New scenarios for PP demand, reflecting the Omicron risks
As always, let me put this into the context of what this could mean for petrochemicals demand, in this case using PP as an example.
The chart below focusing on three developing regions of the world – Africa, the Middle East and Asia and Pacific – compares our base case demand forecasts, from the ICIS Supply & Demand Database, with my Omicron downsides for 2021 and 2022.
Under the base case, we see African growth in 2021 rebounding to 7% in 2021 from minus 2% last year; Middle East growth is expected to be 5% this year versus minus 3% in 2020; and Asia and Pacific growth is forecast to soar to 10% in 2021 as against minus 4% in 2020.
My downsides assume the same levels of year-on-year negative growth for these regions in 2021 and 2022 as occurred in 2020 over 2019.
The results are as follows:
- Base case demand for the three regions combined reaches 17.6m tonnes in 2021 as against my downside of 15.5m tonnes.
- In 2020, base case demand is at 19.2m tonnes compared with an Omicron outcome of 14.9m tonnes.
- The loss of a total of 6.3m tonnes of demand under the downside would reduce global growth by a percentage point versus our base case in 2021 and 2022 combined (0.4% lower growth in 2021 and 0.6% lower growth in 2022).
Remember that the petrochemicals demand dynamics of the pandemic are very different in the poor versus the rich word.
In poorer countries, lack of enough vaccinations has pushed millions of people back into extreme poverty or has denied them to chance of escaping extreme poverty.
Millions of other people have been unable to move into middle-income status or retain their status.
This equates to lower growth in demand for the petrochemicals that go into all the essential and luxury consumer goods and services, affordability of which is taken for granted in developed countries.
Further, the developing world often lacks adequate healthcare systems, one of the reasons for the slow rate of vaccinations.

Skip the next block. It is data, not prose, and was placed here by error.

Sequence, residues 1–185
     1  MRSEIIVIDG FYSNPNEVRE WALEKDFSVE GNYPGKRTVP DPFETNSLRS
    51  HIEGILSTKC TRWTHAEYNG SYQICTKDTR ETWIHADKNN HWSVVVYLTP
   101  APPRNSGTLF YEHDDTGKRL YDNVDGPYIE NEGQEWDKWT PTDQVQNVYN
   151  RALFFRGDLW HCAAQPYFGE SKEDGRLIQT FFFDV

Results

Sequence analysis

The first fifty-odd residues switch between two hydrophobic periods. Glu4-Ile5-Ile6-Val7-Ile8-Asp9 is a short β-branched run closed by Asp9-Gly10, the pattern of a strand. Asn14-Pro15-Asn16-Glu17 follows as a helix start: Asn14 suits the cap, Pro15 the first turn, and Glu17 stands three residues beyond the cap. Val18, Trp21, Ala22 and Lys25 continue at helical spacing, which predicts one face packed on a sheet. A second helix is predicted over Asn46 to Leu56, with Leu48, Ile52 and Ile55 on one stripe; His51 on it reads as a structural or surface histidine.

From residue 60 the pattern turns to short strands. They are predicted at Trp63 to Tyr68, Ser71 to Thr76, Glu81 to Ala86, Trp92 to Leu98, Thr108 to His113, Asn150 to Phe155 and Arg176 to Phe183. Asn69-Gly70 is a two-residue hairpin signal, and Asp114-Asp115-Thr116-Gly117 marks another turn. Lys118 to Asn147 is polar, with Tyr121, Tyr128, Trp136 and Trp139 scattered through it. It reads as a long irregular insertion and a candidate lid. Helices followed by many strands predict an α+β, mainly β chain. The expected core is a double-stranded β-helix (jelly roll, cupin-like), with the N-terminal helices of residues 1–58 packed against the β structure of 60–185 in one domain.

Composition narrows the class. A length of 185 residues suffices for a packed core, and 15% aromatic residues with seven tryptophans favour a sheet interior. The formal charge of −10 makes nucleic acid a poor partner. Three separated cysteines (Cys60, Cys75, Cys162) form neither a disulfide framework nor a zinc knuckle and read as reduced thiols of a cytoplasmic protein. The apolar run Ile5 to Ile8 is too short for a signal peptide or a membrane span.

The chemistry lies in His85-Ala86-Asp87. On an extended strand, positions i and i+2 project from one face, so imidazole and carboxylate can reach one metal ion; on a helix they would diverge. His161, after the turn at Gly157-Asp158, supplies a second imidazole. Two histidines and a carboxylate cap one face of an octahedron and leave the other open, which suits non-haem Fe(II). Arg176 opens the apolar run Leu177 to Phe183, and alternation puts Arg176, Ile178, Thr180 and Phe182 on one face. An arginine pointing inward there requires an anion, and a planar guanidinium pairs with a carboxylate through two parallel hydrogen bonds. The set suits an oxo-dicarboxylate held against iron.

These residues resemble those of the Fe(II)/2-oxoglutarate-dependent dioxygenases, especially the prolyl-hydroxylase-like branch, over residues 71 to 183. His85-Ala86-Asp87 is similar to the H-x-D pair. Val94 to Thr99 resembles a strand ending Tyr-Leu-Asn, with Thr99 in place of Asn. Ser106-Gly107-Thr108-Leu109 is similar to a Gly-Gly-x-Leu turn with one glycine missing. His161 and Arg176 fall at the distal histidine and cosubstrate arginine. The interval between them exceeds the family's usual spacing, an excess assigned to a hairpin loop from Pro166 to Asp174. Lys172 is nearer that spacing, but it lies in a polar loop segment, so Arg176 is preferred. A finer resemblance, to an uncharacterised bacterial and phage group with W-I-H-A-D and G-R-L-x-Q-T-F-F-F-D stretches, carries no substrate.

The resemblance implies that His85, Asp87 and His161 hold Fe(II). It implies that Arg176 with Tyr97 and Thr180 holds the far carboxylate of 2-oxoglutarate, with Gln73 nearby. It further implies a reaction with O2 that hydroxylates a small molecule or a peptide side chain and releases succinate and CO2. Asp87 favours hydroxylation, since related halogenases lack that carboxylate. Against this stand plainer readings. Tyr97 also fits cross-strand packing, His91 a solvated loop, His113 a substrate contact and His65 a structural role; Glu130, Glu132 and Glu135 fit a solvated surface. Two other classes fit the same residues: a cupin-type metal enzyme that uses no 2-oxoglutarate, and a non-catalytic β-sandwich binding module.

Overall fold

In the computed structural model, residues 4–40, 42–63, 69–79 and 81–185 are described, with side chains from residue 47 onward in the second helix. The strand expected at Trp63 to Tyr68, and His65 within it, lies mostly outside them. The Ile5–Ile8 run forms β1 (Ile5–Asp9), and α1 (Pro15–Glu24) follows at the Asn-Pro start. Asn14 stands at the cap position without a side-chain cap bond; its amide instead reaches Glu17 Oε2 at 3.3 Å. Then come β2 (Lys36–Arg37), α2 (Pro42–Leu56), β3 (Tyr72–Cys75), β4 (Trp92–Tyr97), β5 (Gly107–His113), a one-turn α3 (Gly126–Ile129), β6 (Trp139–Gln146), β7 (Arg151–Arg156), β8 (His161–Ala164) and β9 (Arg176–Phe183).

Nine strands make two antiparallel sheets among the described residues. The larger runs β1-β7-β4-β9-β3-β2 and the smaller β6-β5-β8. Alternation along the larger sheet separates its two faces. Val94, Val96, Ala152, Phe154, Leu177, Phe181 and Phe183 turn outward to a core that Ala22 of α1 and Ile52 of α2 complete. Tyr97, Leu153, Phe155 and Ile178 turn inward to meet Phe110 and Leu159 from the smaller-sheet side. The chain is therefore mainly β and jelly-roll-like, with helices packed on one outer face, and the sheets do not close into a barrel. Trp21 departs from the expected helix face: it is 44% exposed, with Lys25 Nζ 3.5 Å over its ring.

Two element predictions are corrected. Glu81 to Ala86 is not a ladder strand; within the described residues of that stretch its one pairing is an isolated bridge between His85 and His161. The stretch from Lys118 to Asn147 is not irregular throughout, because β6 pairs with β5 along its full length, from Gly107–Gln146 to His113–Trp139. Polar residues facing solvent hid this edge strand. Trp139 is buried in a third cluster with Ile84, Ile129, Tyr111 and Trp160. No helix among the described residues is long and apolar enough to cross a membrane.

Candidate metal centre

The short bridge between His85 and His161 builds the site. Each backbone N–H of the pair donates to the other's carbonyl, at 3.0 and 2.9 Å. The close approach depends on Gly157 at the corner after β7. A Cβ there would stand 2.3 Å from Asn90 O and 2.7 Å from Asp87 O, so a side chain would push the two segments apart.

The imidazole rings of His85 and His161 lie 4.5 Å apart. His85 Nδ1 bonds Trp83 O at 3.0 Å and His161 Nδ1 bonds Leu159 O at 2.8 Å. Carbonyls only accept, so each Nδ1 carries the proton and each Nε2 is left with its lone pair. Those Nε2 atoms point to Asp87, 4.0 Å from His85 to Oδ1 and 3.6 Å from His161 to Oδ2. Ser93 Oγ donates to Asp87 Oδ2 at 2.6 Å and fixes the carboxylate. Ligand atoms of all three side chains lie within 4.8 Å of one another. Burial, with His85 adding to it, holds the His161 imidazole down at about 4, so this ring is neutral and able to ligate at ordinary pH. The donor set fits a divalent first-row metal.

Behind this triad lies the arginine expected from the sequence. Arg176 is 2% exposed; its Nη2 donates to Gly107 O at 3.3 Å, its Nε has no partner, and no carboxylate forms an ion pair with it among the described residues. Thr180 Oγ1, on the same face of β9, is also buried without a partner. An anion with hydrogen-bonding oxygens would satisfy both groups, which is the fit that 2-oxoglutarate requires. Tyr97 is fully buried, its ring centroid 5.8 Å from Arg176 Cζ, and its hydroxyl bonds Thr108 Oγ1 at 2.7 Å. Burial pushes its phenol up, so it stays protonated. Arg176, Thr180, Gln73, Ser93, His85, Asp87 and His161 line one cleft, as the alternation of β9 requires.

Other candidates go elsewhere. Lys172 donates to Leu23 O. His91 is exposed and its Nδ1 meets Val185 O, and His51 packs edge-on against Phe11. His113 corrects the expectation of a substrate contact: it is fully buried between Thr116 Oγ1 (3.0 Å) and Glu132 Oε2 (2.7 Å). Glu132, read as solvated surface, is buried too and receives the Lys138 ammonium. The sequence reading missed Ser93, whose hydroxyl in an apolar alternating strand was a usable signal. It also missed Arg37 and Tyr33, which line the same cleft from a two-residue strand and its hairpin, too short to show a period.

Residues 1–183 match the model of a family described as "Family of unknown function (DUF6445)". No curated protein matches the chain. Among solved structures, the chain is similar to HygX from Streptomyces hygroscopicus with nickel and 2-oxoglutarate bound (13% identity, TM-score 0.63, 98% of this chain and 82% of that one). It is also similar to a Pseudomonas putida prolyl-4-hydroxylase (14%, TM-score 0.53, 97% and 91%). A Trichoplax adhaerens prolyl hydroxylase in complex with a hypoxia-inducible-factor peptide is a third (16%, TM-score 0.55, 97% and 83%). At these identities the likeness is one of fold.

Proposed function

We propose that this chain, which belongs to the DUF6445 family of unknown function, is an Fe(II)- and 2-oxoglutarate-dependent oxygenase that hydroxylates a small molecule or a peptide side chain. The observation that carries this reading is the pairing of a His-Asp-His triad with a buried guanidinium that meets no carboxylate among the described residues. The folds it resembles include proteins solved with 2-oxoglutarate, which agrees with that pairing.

Assuming the worst outcome from Omicron, lack of adequate healthcare will force very severe lockdowns, badly impacting all the “day rate” labourers who get paid in cash every day and so would not be able to work.
Developed world demand dynamics have been very different. Instead of demand for polymers declining because of the pandemic, consumption has improved due to booming demand for finished goods bought to relieve the boredom of lockdowns and eating more food bought in supermarkets and less in restaurants.
Demand in all regions has of course benefited from the surge in consumption in end-use hygiene applications.
It is a moot point about whether in the worst-case Omicron outcome, developed world consumption will remain robust.
This will depend on the capacity of rich-world governments to carry on with economic stimulus, another factor behind robust markets, as interest rates potentially rise on inflationary pressures.
Inflation could be made worse by further supply-chain disruptions caused by Omicron.
Consumer spending might take a hit from higher interest rates, leading to stagflation.
But these are themes for a later post, which I will publish next week.
We might dodge this bullet. We won’t have all the data for several weeks to determine how serious Omicron is. With a great deal of luck, this might turn out to be a very manageable version of the pandemic.
But back to my original point. Until or unless the world is adequately vaccinated other mutations seem inevitable. Even if we dodge this bullet, the next one could hit the global economy and with it the petrochemicals industry.